Since 1971: Researching and Innovating for the Future

If there is one thing that the 1971 San Francisco Bay oil spill taught us, it was that there was so much we needed to learn. In spite of the valiant efforts of volunteers and animal caretakers, the numbers were grim; out of roughly 7,000 birds collected from the oil-soaked water and beaches, only about 300 survived to release. At the Richmond Bird Care Center, one of 16 response centers set up to care for oiled animals during the 1971 spill, Alice Berkner reported that “Of the 1,600 birds received by [the center], 16% had survived. This was an unheard of success, but far from satisfactory.” The responders were determined to do better in the future and embraced the long road of learning ahead.

After the last of the Standard spill birds left care, Alice and a group of responders from the spill decided to keep Bird Rescue (then the International Bird Rescue Research Center) going in order to pursue more experience and expertise in oiled wildlife care and husbandry of aquatic birds.

Alice Berkner tube feeding an oiled surf scoter with volunteer in 1971.

“One of the first, and I feel, most valuable things we did was to institute a literature search in the area of seabirds, their anatomy and physiology, how they were affected by oil, the use of medication in aviculture, and anything remotely connected to the problems we had experienced,” recalls Alice Berkner. “We actively investigated the use of solvent to clean oiled birds but were very concerned with the toxicity factors involved with its use. It was during our four years at the Humane Society site that we read of detergent cleaning techniques developed in England.”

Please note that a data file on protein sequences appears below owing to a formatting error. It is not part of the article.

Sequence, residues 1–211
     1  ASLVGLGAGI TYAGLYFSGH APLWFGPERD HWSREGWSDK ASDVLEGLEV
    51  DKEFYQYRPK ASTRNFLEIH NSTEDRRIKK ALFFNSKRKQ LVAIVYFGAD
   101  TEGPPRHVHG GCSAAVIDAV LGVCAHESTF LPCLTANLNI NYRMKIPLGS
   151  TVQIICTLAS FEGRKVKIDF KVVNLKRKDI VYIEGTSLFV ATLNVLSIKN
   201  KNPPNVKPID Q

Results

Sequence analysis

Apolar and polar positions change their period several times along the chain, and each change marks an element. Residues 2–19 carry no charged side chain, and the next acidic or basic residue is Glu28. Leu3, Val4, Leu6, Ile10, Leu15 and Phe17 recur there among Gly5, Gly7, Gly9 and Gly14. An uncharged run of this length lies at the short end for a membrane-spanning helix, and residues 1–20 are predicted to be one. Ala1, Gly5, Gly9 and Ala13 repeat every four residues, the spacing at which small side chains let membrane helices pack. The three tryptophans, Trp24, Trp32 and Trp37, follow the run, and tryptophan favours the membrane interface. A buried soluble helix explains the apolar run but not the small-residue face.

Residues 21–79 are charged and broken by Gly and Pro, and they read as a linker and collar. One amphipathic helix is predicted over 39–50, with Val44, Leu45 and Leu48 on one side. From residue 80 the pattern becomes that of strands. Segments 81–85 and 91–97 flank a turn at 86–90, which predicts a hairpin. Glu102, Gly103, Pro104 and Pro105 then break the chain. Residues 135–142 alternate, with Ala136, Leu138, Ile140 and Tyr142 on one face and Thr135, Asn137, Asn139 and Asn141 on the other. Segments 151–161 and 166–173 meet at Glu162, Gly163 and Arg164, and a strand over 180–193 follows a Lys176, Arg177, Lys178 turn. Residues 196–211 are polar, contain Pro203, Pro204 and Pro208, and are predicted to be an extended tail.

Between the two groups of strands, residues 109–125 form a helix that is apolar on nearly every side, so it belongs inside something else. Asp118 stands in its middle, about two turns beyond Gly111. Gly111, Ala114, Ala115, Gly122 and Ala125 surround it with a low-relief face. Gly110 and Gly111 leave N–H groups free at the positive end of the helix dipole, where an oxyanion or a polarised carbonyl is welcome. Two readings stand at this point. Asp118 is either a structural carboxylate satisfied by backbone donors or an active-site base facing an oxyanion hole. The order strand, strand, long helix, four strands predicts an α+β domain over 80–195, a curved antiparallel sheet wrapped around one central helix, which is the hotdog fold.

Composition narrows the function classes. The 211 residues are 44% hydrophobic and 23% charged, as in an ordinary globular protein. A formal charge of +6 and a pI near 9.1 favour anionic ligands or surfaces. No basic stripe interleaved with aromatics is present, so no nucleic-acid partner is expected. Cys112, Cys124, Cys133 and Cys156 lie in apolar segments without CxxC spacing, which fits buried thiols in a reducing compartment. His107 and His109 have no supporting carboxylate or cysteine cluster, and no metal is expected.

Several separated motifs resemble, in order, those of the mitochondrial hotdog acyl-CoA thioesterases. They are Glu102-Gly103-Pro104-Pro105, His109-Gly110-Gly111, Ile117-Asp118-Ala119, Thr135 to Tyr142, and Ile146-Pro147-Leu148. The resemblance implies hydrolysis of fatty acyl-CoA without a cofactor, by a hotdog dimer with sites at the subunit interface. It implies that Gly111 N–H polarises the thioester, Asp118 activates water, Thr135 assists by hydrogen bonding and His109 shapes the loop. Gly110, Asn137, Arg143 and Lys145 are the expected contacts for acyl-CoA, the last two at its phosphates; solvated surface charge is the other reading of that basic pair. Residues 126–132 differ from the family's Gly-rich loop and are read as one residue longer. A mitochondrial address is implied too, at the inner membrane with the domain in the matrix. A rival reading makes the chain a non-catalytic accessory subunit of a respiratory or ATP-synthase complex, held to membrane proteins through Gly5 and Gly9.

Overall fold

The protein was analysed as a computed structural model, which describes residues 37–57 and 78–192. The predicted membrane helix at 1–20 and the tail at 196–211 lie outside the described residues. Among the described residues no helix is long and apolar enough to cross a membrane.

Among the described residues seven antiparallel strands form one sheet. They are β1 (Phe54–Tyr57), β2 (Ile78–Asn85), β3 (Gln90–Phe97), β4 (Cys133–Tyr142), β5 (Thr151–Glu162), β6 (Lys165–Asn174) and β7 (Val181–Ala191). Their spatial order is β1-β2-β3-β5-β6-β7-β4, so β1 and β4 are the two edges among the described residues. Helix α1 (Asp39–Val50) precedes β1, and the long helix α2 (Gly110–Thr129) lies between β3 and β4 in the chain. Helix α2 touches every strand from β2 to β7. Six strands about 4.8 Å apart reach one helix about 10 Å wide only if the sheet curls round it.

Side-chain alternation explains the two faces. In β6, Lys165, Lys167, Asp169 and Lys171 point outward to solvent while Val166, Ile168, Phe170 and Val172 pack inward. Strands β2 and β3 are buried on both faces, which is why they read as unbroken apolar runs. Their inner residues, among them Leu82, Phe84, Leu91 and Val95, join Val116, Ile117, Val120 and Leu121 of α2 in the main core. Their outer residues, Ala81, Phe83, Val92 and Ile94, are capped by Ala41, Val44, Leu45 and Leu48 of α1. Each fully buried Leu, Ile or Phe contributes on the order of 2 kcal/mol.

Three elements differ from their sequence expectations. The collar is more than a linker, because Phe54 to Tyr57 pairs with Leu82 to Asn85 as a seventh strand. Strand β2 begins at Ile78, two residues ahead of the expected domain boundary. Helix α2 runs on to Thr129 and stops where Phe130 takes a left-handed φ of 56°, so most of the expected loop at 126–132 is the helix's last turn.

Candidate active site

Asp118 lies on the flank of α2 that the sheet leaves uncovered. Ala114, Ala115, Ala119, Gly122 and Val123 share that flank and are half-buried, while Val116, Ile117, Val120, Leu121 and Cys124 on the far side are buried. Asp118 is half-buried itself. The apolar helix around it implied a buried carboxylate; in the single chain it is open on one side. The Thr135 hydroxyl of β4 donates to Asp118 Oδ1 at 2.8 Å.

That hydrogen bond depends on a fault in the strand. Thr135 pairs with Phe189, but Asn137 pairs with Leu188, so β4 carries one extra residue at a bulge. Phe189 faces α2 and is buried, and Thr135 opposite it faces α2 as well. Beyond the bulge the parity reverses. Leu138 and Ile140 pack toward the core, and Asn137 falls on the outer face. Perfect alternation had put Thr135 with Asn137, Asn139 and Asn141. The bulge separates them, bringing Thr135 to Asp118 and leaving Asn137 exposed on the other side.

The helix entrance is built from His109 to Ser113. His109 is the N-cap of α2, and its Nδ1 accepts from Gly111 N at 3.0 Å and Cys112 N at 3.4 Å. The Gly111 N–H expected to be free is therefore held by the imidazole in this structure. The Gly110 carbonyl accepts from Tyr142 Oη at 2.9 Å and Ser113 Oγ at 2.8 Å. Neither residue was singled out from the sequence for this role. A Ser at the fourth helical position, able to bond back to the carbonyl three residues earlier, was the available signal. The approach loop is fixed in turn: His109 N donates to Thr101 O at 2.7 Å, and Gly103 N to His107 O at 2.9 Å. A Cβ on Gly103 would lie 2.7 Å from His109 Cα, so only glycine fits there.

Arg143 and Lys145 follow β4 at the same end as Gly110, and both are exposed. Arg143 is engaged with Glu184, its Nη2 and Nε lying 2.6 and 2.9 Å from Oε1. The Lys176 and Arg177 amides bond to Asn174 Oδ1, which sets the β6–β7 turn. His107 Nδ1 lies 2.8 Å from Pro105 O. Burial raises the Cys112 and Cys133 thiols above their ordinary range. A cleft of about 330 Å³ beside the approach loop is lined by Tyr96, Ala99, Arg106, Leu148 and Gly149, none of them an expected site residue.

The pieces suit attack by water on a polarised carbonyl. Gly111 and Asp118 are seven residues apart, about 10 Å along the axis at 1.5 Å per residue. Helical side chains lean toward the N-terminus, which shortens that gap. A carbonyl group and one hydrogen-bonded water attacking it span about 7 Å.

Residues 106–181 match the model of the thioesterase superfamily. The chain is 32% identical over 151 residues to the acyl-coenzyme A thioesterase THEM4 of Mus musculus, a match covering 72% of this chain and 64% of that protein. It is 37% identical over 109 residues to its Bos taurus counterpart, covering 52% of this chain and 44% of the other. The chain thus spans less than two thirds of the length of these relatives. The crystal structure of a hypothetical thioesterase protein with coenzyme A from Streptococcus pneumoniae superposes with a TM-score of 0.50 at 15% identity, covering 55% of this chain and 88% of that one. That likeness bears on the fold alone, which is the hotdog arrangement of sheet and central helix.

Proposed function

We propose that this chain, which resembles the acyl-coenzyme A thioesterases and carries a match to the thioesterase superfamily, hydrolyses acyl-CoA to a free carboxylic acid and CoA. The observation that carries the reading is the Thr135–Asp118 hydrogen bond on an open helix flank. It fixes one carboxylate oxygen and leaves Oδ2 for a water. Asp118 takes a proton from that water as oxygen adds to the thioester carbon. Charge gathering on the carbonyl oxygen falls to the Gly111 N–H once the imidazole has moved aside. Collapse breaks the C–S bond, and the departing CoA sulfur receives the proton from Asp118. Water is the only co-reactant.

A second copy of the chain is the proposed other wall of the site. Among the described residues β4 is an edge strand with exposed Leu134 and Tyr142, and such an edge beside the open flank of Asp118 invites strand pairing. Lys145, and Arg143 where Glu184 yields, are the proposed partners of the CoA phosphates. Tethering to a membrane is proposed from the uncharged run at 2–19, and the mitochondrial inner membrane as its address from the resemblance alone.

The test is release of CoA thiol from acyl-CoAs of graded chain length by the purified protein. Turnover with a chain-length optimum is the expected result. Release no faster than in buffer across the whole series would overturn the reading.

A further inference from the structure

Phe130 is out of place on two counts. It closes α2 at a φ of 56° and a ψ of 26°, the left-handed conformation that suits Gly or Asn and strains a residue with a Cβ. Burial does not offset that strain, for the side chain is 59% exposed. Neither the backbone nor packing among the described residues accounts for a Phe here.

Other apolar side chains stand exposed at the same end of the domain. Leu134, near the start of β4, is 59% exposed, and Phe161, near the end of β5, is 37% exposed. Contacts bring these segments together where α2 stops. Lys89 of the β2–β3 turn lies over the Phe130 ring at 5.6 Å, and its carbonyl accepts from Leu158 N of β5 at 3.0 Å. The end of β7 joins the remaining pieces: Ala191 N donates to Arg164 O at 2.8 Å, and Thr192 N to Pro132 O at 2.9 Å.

The innovation and research has only progressed in the 50 years since Bird Rescue began. Our team has developed research projects and published numerous papers all aimed towards increasing our knowledge, improving our methods, and sharing that information with the world. These are just some of the questions we’ve been asking and finding answers to over the past half-century:

  • How should the different species be housed while in care?
  • What products might remove oil from feathers efficiently without causing harm to the animal or caretakers?
  • Can previously oiled animals return to the wild and live long productive lives?

You can find more information about our latest research publications on our website. What new breakthroughs and advancements lay in store for the next 50 years? We can wait to find out.